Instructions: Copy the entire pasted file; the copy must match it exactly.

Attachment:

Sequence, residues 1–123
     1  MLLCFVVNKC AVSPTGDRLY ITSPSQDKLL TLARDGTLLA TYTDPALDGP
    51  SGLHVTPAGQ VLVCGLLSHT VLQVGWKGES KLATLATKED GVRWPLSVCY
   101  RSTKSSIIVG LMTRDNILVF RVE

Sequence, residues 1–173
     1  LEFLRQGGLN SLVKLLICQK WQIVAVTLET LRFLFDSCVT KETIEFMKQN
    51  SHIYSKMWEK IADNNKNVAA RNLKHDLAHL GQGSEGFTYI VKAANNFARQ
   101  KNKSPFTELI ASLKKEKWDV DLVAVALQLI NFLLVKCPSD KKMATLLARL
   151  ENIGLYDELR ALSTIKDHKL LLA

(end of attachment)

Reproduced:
Sequence, residues 1–123
     1  MLLCFVVNKC AVSPTGDRLY ITSPSQDKLL TLARDGTLLA TYTDPALDGP
    51  SGLHVTPAGQ VLVCGLLSHT VLQVGWKGES KLATLATKED GVRWPLSVCY
   101  RSTKSSIIVG LMTRDNILVF RVE

Sequence, residues 1–173
     1  LEFLRQGGLN SLVKLLICQK WQIVAVTLET LRFLFDSCVT KETIEFMKQN
    51  SHIYSKMWEK IADNNKNVAA RNLKHDLAHL GQGSEGFTYI VKAANNFARQ
   101  KNKSPFTELI ASLKKEKWDV DLVAVALQLI NFLLVKCPSD KKMATLLARL
   151  ENIGLYDELR ALSTIKDHKL LLA